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Lenovo Apologies for Superfish Scandal, Offers Uninstall Instructions

Paul Lilly

I have a better idea. Install Linux. No need to worry about crapware.

World's top PC supplier admits it "messed up"
Lenovo took to Twitter to issue an apology over Superfish, the visual search software it installed on consumer laptops and desktops without permission, and has posted instructions on how to remove it. Initially Lenovo issued a statement saying that it installed the software with good intentions and that there's nothing to be concerned about from a security perspective, though evidence points to the contrary.

"We're sorry. We messed up. We're owning it. And we're making sure it never happens again," Lenovo posted to Twitter, along with a link instructing users how to remove the program and its digital certificate.

The problem with Superfish is that it worked as adware by inserting ads into searches performed on Internet Explorer and Chrome (Firefox appears to be unaffected). Furthermore, it left a gaping security hole on users' systems that could allow for man-in-the-middle attacks.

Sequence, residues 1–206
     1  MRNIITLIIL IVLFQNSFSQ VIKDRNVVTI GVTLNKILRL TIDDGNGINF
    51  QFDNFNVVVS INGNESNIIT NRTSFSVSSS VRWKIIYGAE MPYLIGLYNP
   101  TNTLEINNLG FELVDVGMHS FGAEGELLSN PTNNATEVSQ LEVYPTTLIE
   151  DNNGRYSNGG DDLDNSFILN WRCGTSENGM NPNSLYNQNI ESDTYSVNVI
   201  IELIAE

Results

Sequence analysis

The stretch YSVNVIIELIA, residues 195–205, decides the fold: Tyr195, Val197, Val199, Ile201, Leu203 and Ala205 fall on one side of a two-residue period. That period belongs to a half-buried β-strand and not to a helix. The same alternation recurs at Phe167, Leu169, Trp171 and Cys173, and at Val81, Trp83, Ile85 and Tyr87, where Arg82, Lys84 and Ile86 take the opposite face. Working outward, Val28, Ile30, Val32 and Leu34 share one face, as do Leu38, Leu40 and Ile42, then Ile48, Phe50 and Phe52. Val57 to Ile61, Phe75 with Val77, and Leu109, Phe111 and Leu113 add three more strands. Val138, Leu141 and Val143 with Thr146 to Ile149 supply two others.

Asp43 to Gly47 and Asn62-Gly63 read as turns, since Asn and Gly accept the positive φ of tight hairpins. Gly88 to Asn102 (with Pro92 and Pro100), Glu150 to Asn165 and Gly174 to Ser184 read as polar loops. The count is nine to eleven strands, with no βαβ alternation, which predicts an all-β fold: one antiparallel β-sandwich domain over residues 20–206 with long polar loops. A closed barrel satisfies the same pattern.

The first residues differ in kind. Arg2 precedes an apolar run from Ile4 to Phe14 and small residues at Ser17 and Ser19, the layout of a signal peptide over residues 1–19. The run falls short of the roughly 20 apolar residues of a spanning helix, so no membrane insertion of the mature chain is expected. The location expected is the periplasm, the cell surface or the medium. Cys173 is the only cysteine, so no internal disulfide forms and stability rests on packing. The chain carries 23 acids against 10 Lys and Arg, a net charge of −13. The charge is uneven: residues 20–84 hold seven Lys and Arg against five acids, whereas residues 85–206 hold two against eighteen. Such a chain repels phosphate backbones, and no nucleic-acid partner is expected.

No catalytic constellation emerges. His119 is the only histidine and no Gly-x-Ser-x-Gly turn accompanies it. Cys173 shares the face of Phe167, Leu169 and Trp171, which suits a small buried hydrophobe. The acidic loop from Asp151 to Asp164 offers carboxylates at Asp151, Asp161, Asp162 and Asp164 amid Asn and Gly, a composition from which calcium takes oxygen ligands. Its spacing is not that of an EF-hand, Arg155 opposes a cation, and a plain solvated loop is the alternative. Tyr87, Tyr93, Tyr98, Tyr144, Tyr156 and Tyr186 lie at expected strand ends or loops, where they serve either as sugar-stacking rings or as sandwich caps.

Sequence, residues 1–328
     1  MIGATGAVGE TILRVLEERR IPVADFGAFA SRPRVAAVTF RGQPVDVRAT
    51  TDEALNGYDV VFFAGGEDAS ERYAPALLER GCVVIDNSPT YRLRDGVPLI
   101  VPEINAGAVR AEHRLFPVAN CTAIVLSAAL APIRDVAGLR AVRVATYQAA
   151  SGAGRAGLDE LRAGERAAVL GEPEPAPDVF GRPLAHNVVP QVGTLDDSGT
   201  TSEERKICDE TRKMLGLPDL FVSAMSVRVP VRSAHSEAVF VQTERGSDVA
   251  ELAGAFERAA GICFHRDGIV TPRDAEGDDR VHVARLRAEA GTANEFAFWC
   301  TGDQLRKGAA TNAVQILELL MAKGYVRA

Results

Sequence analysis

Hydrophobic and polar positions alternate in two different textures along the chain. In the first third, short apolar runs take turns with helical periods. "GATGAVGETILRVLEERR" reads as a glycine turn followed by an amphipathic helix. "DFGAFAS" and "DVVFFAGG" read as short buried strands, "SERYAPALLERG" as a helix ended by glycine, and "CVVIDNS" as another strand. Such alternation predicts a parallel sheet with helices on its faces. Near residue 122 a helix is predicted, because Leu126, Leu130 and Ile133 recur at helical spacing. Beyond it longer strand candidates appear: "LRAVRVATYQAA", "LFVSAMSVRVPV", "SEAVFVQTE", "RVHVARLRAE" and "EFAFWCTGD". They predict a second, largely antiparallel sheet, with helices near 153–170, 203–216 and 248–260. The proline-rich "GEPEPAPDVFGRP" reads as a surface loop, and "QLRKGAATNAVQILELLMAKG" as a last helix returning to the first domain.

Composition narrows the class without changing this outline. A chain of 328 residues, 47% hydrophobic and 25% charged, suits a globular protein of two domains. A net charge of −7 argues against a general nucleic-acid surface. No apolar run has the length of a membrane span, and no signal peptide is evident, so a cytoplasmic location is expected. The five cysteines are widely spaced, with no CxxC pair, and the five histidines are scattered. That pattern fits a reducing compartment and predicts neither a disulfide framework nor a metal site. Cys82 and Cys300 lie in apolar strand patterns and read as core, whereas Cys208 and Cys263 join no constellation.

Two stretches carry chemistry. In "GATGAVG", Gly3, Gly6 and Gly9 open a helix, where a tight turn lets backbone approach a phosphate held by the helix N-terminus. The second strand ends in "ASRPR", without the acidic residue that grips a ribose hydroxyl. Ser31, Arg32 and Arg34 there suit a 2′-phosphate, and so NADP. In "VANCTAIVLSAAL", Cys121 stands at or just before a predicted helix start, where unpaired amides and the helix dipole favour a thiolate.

After news spread of the nefarious software, Lenovo tried to downplay the issue, saying that its relationship with the Superfish "is not financially significant" and its only goal was to "enhance the experience for users." In the same breath, Lenovo said it understood the concerns and had stopped preloading Superfish in January.

One of our readers sent us an email to dispute Lenovo's claim, saying that "their statement that says they stopped pre-loading Superfish in January is false -- my laptop (a Y40-80) was manufactured on February 9, 2015, and included Superfish and its root certificate."

It appears Lenovo got caught with its hand in the cookie jar, so to speak, and is now hoping that an apology and a bit of humility will win back the trust that helped it become the world's number one supplier of PCs.

"We messed up badly here," Peter Hortensius, Lenovo’s chief technology officer, told Bloomberg in an interview. "We made a mistake. Our guys missed it. We’re not trying to hide from the issue -- we’re owning it."

It's not enough to simply uninstall Superfish, as it leaves behind a root certificate that must also be removed (manually). Lenovo's instructions linked above detail how to perform both.


#lenovo #superfish #fail #epicfail

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